U.S. Sen. David Vitter today announced several bills he is introducing and coauthoring to make health care more affordable and more accessible, including repealing President Obama's 2010 health care law.
"In the three years since Obamacare was signed into law, we've seen skyrocketing health care costs that raise taxes and premiums, cuts to Medicare by over half a trillion dollars to pay for a brand new government entitlement program, and harm to the economy and American workers by reducing jobs and hours because of the law's added costs and mandates," Vitter said. "Instead of waiting until costs become completely unbearable, it makes sense to flat out repeal Obamacare. Then we should start making smaller, more-targeted reforms to our health care system that actually reduce costs and ensure access and choice."
In addition to his health care repeal bill, Vitter is also coauthoring legislation that would expand access to breast cancer screenings and stop anti-competitive "pay-for-delay" deals from delaying generic drugs to the market.
Vitter will also coauthor legislation to allow for the reimportation of safe prescription medicine from other countries like Canada. Vitter has been a champion of this policy since his election to the Senate.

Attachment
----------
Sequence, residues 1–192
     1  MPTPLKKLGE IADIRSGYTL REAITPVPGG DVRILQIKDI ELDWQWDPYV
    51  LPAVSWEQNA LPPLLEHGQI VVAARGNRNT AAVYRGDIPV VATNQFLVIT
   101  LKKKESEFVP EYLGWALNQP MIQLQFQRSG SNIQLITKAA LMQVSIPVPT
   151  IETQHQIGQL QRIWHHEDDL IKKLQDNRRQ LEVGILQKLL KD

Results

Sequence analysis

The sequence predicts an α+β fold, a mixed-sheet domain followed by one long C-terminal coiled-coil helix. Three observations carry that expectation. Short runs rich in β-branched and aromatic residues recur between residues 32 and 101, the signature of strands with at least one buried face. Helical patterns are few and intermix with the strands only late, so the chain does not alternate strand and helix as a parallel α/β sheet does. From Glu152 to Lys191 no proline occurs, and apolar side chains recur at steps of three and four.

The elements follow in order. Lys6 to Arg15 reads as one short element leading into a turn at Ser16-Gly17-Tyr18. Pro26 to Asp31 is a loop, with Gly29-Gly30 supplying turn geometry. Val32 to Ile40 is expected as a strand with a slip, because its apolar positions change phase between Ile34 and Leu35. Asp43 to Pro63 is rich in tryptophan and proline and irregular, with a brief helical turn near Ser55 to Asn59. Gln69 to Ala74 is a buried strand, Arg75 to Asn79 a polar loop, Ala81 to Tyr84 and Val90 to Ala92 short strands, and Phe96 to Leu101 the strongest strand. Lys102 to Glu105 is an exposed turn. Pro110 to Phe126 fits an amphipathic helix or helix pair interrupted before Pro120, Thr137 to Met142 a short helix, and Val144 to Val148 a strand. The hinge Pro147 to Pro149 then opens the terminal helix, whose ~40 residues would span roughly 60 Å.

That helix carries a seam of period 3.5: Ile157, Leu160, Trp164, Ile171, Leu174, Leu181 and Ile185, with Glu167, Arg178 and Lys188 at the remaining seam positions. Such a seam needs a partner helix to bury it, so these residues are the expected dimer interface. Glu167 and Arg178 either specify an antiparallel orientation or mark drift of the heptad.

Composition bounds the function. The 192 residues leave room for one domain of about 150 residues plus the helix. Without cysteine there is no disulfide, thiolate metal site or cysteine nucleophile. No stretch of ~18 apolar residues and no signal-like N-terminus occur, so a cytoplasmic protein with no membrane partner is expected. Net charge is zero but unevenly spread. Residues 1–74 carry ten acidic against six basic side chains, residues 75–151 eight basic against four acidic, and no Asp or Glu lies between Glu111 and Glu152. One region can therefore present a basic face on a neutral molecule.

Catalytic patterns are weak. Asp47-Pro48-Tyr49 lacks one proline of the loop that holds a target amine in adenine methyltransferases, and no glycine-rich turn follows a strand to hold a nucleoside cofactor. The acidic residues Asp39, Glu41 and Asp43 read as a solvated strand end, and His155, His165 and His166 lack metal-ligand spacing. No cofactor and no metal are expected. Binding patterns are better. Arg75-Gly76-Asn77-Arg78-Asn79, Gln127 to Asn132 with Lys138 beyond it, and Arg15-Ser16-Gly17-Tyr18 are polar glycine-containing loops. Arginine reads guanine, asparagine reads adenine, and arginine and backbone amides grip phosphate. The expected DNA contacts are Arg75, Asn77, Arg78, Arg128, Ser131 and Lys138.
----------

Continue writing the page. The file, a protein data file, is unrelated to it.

A list of the bills Vitter will introduce this week are below:
Health care full repeal -- would fully repeal the entire Obama health care bill today.
Sponsored by Senator David Vitter (R-La.), cosponsored by Senator Ted Cruz (R-Texas).
Mobile Mammography Promotion Act -- would expand access to mobile mammography services by eliminating the fuel excise tax to help provide on-site mammograms to women in both urban and rural areas that may not currently receive breast cancer screenings and preventive care.
Sponsored by Senator Dean Heller (R-Nev.), cosponsored by Senator David Vitter (R-La.).
FAIR Generics Act -- would lower the price of prescription drugs by and make high-quality, lower-priced generic prescription medications available to consumers sooner by stopping the practice of "pay for delay" deals from keeping generic drugs off the market longer than they could.
Sponsored by Senator Al Franken (D-Minn.), cosponsored by Senator David Vitter